Cultivation regimes and legume cover crops for organic wheat (Triticum aestivum) production

  • A. V. Vijaya Bhaskar

    Student thesis: Doctoral ThesisDoctor of Philosophy


    Field trials were conducted in 2010/11, 2012 and 2013 at the Royal Agricultural University’s Soil Association certified organic Harnhill Manor Farm, Gloucestershire, UK (NGR SP 075 006), to investigate suitable cultivation techniques and legume cover crops for winter and spring wheat production. Cultivation treatments included conventional tillage (CT), low residue non-inversion tillage (LRNiT) and high residue non-inversion tillage (HRNiT) as main plots while undersowing white clover (WC), black medic (BM) or no undersowing (Nus) as subplots. Wheat establishment, growth, grain yield and weeds infestation were assessed to determine the feasibility of these husbandry techniques. For winter wheat in 2010/11, LRNiT seems to be an acceptable alternative for CT. However, for spring wheat in 2012 and 2013, CT seems to be more reliable management option. The performance of undersown legumes was highly weather reliant and inconsistent in the seasons studied.

    Plant establishment and the succeeding yield parameters were positively related to grain yield. CT had significantly higher plant establishment than LRNiT or HRNiT in each season. For winter wheat, the competition and compensation on shoot density among CT and LRNiT did potentially outweighed cultivation-induced effects on plant establishment. This condition resulted in statistically equivalent crop growth and yields with LRNiT to that of CT. In contrast, for spring wheat in 2012 and 2013, CT that had significantly higher plant establishment also resulted in better crop growth and greater grain yields than other cultivation treatments. In all seasons, HRNiT had significantly lower plant establishment and also reduced grain yields, compared with LRNiT or CT. More soil cultivation also significantly reduced total weeds than less tilled soil such as HRNiT. On the basis of weed species, significantly higher broadleaf weeds were present under CT and significantly higher grass weeds were present under HRNiT.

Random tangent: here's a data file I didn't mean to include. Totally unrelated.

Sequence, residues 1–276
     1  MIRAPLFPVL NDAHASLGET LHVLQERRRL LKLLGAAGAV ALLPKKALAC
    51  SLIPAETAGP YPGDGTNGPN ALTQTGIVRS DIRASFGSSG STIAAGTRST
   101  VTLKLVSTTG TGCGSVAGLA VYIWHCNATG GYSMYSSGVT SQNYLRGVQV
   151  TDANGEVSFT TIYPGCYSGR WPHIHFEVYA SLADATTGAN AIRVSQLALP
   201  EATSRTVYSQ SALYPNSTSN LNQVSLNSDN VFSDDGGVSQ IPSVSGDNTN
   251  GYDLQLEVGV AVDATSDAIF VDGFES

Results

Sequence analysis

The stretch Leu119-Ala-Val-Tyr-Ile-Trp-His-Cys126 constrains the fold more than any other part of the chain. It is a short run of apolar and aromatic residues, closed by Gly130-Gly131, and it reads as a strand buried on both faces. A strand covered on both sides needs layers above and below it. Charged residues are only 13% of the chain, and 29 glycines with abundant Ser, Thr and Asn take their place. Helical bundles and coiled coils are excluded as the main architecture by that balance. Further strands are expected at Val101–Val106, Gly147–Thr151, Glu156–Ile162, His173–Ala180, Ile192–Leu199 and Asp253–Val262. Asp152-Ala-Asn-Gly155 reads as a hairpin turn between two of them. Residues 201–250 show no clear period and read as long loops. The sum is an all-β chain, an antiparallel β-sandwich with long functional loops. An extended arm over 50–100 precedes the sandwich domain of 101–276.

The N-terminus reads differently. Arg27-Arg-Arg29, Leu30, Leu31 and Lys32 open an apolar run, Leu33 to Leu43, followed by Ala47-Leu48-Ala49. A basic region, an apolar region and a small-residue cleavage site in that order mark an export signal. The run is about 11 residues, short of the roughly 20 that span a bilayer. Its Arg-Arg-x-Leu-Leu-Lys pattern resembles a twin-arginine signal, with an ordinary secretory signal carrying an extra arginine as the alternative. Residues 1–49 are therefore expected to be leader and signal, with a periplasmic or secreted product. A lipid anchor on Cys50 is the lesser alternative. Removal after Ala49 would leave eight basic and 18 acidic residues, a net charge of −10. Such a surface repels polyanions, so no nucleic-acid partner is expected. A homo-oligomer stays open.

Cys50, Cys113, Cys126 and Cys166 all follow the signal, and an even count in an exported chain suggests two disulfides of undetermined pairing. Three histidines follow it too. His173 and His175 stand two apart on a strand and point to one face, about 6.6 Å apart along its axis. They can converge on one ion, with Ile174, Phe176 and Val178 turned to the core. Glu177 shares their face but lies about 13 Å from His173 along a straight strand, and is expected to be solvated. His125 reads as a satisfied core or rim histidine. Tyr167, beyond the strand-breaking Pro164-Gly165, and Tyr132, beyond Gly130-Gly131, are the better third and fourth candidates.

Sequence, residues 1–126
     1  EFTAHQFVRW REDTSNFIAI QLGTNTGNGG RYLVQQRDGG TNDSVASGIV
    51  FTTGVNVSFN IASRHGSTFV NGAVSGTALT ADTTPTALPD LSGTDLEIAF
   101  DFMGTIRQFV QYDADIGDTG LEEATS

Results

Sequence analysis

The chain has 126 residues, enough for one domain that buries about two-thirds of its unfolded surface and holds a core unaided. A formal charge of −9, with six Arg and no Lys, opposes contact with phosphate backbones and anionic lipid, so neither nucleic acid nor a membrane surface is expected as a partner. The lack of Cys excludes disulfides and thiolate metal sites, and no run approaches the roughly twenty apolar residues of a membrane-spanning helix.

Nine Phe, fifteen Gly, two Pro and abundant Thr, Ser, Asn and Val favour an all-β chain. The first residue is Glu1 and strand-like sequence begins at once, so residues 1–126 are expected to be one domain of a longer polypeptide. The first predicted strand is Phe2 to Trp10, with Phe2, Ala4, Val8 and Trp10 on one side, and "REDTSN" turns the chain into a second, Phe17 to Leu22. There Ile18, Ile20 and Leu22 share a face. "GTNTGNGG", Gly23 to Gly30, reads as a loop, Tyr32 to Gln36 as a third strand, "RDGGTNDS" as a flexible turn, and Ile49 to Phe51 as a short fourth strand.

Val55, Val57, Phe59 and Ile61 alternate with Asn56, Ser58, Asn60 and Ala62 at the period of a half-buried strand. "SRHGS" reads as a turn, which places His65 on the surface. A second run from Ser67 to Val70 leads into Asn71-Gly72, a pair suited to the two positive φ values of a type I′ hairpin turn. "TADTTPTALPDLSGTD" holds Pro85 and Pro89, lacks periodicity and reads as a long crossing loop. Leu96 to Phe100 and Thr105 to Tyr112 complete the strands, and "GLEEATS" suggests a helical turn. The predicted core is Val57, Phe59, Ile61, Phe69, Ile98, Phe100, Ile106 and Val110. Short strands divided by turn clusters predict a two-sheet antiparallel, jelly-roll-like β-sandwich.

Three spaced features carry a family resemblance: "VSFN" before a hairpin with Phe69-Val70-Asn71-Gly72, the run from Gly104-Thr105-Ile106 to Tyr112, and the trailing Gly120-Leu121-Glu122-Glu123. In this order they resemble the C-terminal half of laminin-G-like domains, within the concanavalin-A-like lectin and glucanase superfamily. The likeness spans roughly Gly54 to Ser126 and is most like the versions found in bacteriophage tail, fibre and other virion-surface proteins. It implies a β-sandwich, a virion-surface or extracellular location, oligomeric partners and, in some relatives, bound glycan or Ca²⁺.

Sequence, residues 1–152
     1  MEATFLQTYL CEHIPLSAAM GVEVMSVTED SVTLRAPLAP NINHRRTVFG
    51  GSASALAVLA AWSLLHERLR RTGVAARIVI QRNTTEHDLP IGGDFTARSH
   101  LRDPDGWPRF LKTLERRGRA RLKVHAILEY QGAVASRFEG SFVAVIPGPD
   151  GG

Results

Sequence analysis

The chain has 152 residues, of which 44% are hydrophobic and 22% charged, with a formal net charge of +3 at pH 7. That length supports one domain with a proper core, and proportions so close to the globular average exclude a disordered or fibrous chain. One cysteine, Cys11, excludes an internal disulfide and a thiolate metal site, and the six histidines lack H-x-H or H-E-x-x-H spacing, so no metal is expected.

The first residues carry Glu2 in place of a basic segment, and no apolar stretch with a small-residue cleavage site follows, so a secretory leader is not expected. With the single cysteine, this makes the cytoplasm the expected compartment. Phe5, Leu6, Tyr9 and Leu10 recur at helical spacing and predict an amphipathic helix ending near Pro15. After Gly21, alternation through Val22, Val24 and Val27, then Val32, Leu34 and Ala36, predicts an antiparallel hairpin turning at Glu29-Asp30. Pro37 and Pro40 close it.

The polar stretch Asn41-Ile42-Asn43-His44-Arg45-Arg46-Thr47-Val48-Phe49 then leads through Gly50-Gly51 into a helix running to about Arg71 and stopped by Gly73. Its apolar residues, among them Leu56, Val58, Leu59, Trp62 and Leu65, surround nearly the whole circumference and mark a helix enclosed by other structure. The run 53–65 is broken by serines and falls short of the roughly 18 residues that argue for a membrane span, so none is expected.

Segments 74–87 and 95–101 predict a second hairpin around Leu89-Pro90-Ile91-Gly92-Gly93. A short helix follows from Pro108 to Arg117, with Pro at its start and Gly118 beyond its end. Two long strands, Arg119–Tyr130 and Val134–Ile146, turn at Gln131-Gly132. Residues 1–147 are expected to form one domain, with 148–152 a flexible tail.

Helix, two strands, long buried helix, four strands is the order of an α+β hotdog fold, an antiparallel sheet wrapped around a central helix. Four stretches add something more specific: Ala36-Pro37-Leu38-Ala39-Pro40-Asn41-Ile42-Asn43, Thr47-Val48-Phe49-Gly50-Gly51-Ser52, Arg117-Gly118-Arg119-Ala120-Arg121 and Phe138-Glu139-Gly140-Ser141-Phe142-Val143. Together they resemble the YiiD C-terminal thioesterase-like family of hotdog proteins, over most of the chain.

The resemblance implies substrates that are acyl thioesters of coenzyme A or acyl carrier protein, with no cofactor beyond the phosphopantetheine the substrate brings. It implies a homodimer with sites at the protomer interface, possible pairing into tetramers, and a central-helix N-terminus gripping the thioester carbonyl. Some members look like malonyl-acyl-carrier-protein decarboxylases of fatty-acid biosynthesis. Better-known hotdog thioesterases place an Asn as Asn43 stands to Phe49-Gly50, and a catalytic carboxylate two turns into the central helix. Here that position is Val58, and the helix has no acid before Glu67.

Out of three investigated years, legume cover crops effects were clearly observed only in 2012 with spring wheat. More vigorous growth of WC showed a significantly inverse relationship with broadleaf weeds and total weeds, compared with slow growing BM. This situation, resulted in non-significant yield components or grain yield reduction, compared with non-undersown spring wheat. In this context, white clover seems to be more suitable legume cover crop than black medic.
    Date of Award2014
    Original languageEnglish
    Awarding Institution
    • Coventry University
    • Royal Agricultural University
    SupervisorPaul Davies (Supervisor), Nicola Cannon (Supervisor) & John S. Conway (Supervisor)


    • Organic Farming
    • Legumes
    • Grain

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